The
Fields Institute will host the Fields Undergraduate Summer Research
Program in July and August of 2016 in Toronto. The Program supports
up to 25 students in mathematicsrelated disciplines to participate
in research projects supervised by leading scientists from Fields
Institute Thematic & Focus Programs or partner
universities.
Students
who are accepted into the Program will be receive a daily meal
allowance and, depending on where they are travelling from, the
following additional support:
Students
from within the Greater Toronto Area (GTA) will be reimbursed
for the cost of a monthly public transit pass (TTC
Metropass).
Students
from outside the GTA will receive financial support for
travel to and residence in Toronto (student residence housing
at the University of Toronto Downtown (St. George) Campus)
for the duration of the Program, and
Students
from outside of Canada will be provided the same support
as students from outside the GTA, plus medical coverage during
their stay.
Students
will work on research projects in groups of 3 to 5.
Supervisors
may suggest other topics for students in addition to the research
projects outlined below. Students may also have the opportunity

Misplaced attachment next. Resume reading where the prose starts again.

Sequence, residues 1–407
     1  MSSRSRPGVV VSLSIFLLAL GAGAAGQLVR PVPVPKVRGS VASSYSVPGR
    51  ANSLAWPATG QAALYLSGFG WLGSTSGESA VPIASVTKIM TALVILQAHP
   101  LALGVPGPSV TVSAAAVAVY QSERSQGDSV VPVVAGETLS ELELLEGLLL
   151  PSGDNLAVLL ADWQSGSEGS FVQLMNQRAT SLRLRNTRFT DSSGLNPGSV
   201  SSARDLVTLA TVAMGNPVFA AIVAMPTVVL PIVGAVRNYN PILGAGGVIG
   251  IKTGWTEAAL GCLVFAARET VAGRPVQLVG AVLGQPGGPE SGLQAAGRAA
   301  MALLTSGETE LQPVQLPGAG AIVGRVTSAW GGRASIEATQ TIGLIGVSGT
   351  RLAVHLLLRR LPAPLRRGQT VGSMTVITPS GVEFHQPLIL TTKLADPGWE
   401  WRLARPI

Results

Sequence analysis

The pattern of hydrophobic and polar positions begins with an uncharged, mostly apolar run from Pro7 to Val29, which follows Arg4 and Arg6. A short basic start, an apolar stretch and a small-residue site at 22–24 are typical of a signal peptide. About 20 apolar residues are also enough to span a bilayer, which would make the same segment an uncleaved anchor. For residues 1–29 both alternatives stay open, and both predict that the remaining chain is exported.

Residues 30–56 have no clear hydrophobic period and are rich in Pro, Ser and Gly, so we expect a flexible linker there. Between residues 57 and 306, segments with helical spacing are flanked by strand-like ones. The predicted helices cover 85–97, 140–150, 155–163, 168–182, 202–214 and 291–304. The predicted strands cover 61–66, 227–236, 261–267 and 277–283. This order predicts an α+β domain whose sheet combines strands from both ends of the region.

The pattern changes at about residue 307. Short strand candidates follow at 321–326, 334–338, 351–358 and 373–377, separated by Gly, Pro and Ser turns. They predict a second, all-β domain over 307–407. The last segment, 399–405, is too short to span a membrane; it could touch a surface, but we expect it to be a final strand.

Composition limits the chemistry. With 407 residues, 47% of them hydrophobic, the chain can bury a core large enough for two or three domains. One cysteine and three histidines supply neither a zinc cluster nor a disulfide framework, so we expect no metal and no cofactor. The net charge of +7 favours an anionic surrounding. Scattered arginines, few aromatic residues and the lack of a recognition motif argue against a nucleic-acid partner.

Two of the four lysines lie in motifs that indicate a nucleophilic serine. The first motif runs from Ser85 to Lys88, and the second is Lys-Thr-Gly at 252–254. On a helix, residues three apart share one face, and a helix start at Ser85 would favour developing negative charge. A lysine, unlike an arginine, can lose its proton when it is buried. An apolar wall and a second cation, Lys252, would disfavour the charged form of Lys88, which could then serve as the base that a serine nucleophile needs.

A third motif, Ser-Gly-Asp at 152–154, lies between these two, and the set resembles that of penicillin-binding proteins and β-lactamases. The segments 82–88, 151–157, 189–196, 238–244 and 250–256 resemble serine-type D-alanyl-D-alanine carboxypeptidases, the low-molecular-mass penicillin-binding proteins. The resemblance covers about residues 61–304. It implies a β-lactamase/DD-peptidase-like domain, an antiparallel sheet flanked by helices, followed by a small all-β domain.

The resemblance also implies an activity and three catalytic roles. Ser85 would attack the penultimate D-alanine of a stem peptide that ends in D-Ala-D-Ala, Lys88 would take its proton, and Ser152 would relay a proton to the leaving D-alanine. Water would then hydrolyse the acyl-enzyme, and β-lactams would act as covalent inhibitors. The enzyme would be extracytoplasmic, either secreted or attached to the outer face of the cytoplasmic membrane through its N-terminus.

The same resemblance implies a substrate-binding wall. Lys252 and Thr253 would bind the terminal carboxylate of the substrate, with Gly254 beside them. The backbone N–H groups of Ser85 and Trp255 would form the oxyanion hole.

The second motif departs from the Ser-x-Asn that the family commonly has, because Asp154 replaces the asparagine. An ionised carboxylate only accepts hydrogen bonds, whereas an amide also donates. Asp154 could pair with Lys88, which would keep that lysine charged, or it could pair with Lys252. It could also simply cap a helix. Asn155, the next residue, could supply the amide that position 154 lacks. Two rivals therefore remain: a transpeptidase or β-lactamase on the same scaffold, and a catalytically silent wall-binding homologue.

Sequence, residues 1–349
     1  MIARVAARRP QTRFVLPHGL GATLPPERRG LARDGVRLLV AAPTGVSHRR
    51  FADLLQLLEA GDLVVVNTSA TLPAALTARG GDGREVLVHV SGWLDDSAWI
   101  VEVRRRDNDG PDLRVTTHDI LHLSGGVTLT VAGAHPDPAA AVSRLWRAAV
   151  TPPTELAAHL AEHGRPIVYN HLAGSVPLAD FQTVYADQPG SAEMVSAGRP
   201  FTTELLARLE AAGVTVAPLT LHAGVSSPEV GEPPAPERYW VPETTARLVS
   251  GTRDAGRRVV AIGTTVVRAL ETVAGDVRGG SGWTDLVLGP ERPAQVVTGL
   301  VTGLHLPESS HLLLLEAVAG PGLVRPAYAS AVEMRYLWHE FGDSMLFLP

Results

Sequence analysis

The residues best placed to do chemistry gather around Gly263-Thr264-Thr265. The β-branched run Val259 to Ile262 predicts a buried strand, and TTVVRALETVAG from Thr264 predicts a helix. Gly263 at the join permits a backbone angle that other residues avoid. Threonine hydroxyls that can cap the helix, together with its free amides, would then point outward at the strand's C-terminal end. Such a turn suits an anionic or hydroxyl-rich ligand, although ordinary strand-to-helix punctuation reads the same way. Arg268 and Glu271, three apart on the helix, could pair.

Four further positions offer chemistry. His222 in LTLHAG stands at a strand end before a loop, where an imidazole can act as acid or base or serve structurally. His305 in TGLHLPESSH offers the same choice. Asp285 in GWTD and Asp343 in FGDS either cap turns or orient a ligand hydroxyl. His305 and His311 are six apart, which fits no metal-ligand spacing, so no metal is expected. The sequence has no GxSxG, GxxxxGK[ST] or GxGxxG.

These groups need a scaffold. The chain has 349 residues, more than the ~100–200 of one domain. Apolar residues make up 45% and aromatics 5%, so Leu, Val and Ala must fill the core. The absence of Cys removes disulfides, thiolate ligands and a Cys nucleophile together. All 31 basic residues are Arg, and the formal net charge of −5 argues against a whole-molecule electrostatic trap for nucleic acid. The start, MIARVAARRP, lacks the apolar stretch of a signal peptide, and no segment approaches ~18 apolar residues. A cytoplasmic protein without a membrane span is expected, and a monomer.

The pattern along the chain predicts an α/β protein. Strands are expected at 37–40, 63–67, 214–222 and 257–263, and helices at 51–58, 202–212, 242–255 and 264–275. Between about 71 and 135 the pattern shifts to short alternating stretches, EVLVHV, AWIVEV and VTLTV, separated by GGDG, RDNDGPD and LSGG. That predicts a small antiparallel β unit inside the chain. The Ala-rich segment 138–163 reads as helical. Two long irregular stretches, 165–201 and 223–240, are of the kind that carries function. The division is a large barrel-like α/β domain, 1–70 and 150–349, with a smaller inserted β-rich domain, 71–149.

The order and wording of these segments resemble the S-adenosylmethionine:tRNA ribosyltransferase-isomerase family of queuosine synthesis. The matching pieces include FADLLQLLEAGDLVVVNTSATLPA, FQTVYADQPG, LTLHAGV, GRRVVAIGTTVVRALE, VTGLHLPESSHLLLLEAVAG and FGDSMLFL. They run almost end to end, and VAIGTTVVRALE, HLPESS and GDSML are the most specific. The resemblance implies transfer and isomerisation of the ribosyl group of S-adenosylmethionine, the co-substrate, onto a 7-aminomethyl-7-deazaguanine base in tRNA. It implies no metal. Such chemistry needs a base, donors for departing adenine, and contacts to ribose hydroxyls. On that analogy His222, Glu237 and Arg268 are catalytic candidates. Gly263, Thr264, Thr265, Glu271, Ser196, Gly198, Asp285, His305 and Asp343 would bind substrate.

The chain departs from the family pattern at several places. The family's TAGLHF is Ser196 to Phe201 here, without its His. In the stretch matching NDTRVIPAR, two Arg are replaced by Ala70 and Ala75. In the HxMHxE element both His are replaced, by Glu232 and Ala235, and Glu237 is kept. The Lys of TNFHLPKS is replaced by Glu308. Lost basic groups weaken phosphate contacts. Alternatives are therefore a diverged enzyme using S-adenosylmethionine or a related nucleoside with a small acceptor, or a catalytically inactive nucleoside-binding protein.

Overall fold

to visit the home campus of the their supervisors to get to know
their universities.
Jump
to:
Application
Process
During
the application process, you will be prompted to upload your Curriculum
Vitae (CV) together with a letter outlining your relevant
background and experience. Your letter must not exceed two lettersized
pages, and must be in 12point Times New Roman font, with single
line spacing. Top, bottom, and side margins each must be no less
than one inch. Your letter and CV must be submitted in a single,
combined PDF document.
As
part of the online application, unofficial transcipts may be submitted
for initial review (formatted as PDF document). This step is not
mandatory, but it is recommended. Please note that any unofficial
transcripts submitted will be matched against official transcripts
once received.
For
your application to be considered, you must also arrange to have
the following documents provided directly to the Fields Institute,
on or before the application deadline noted below:
1.
Official transcripts* from your home university should be addressed
to:
Fields
Undergraduate Summer Research Program
Fields Institute for Research in Mathematical Sciences
222 College Street
Toronto, ON
M5T 3J1 Canada
*An
official transcript is prepared and sent by the issuing school
usually by the Student Registrar with an original signature
of a school official. Source
2.
Two letters or statements of reference from someone who can provide
a candid evaluation of your qualifications or skills. You must
provide a minimum of 2 references, however, there is space on
the online application to provide 3. The referee will be contacted
using the details supplied on the application form; therefore,